Armed with newfound sequencing skills, and inspired by the achievements of those who designed the Antikythera Mechanism, we developed our fine motor and 3D printing skills, preparing to build our own orrery. We engaged in lots of activities to develop our fine motor skills, strengthening our hands, fingers, and arms with drills using tweezers and chopsticks to collect large and small objects. We had some fun competitions, seeing who could collect the trickiest items - no hands allowed! We dove into 3D printing, developing our skills with a range of design tools. Several children worked on the iPads with a 3D modeling app called Morphi. We drew 2d animals then converted them to 3D and prepared them for printing. We figured out the best sizes to print our creatures by using rulers and measuring out different sized boxes on paper. We decided that between 50 and 70 mm would be optimum!
Some of the children worked in Tinkercad, an online modeling application. We worked through several challenges putting shapes together, merging shapes, subtracting shapes, and learning how to create “holes” in our objects. We learned how to use the 3D printer to create sophisticated shapes and design our own badges. We received the badges we designed ourselves, representing our level of 3D printing skill, in our first ever badge ceremony of digital fabrication skills. Next week we will be using our new skills to finishing designing and 3D printing the many pieces of our orrery.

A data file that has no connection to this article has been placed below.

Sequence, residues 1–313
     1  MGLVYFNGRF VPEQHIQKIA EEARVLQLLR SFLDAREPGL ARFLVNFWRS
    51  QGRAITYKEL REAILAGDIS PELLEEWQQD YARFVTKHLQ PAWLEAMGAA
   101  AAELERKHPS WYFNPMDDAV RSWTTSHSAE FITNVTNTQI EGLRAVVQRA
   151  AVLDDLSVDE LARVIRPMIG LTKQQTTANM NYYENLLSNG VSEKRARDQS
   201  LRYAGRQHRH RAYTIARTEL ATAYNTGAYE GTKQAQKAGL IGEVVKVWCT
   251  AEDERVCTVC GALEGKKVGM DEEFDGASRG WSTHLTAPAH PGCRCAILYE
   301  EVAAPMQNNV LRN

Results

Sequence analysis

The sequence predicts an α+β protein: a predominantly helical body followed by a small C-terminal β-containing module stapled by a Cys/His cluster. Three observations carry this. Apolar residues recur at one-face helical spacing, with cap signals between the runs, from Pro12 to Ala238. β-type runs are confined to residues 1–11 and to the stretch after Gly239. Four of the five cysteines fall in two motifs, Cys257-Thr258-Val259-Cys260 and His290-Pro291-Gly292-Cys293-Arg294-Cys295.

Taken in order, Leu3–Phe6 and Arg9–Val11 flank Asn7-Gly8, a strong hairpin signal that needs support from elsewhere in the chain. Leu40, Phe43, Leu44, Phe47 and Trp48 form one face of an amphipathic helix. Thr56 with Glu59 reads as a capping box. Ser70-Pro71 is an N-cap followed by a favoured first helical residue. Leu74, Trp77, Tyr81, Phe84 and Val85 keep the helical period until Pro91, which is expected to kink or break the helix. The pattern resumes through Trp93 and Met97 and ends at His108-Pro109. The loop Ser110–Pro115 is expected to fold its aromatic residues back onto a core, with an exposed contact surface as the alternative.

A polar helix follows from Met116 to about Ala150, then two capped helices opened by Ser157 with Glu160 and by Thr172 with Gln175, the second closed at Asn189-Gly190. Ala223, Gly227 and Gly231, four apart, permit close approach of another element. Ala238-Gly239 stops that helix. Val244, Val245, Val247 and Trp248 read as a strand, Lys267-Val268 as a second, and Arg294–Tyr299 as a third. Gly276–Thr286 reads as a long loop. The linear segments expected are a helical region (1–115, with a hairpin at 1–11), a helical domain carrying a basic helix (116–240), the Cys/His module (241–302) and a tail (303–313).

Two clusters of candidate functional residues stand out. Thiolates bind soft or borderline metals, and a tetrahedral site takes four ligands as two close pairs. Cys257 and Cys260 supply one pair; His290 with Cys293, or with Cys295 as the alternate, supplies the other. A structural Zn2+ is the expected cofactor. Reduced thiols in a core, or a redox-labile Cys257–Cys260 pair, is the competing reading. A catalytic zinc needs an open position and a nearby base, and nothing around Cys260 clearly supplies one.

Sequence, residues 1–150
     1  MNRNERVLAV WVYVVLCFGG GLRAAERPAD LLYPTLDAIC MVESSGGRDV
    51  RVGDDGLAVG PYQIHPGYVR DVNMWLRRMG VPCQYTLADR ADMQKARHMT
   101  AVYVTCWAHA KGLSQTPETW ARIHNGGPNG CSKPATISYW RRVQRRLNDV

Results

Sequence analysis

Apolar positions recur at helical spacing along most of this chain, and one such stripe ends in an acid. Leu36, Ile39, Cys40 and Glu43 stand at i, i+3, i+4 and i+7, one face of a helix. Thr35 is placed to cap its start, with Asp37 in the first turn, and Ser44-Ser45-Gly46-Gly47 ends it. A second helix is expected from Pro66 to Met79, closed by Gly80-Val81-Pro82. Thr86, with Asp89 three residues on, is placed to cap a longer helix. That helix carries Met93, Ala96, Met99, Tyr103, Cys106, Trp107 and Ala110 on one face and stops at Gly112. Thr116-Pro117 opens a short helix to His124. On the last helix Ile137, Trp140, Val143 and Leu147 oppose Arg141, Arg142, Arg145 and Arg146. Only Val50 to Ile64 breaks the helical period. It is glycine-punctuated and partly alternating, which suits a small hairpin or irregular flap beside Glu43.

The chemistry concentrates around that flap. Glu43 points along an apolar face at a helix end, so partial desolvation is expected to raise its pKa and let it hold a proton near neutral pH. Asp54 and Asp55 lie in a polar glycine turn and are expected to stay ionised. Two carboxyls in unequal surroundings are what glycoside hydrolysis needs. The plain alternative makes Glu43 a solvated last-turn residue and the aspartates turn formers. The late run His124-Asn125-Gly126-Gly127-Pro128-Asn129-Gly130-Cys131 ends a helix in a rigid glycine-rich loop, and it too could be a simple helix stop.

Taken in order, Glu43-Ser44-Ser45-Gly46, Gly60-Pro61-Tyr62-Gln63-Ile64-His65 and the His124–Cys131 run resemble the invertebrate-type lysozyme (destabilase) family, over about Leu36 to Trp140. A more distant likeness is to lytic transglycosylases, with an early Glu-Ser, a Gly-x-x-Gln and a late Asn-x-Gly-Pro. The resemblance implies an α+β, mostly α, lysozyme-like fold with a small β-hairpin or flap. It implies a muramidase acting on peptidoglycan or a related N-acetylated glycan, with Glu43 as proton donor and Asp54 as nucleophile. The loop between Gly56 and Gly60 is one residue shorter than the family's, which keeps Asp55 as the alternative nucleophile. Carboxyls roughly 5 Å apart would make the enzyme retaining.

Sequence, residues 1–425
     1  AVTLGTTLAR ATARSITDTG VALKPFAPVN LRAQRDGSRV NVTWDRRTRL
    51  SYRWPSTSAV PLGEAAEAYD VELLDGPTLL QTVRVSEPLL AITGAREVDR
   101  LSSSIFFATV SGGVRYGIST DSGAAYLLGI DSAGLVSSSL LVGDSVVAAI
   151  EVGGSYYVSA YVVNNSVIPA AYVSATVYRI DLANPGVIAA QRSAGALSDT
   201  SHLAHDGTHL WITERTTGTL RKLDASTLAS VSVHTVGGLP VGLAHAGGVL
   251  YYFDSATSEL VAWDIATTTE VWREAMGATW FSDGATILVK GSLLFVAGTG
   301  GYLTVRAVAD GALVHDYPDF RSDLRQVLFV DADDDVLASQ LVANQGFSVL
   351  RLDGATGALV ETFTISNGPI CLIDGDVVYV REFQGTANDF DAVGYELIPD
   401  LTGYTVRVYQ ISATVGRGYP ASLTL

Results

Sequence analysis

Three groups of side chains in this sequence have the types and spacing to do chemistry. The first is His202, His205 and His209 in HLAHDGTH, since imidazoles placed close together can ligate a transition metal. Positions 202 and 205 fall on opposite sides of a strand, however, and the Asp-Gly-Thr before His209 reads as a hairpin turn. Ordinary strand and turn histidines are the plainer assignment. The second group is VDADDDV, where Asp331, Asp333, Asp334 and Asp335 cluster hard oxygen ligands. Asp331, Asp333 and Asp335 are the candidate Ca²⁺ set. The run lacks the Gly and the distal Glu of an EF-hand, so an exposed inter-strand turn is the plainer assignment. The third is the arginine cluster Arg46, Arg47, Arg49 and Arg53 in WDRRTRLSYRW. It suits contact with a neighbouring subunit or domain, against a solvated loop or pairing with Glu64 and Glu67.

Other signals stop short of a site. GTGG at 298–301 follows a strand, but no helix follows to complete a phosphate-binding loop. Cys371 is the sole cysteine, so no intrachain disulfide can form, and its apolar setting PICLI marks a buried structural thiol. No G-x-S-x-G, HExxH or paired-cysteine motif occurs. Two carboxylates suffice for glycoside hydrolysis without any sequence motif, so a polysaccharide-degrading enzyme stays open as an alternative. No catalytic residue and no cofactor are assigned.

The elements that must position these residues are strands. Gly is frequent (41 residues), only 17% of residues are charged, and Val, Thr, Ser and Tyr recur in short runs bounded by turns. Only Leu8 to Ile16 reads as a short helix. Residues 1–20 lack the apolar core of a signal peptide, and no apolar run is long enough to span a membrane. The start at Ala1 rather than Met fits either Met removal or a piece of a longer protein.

Presenting about ourselves
Central to Portfolio’s approach is not only developing as learners and creators, but also as people; and social emotional learning goals are embedded in our experiences. This week we focused on self-understanding, and speaking about ourselves, as well as on listening, and on persistence and facing frustration. To consider our own identities, we all prepared presentations about ourselves, explaining some of what is important and special to us and about us. To prepare we had to consider what we wanted to say, and what visuals we wanted to use in our presentations.
The magnificent sharing offered us opportunity not only to learn to present well, but also to listen and ask meaningful questions. We were able to share back things we learned about each other, compliment one another, ask questions to gain even more understanding of each other, and offer feedback to help each other further improve our presentation skills. We further considered ways to boldly face the inevitable frustration that arises as we strive to achieve our goals. Through books, videos, and conversation, we engaged in meaningful dialogue about what it feels like to experience frustration, and considered how we can persevere to achieve our personal and collaborative goals.
Personal Project Friday!
As always, our week ended with Personal Project Friday and time with our artists-in-residence. In preparation for the next steps in filming our movie, we worked with filmmakers Alex and Luke on our acting and camera skills, with a creative broadcast - the news from Mars! Some of our students continue work on their ambitious, whimsical laser cut pianos. We also explored squiggly structures made of cardboard, glue gun sculptures made of wood, and book design and writing.
And just because we love it, here's a collection of random moments of joy and fun: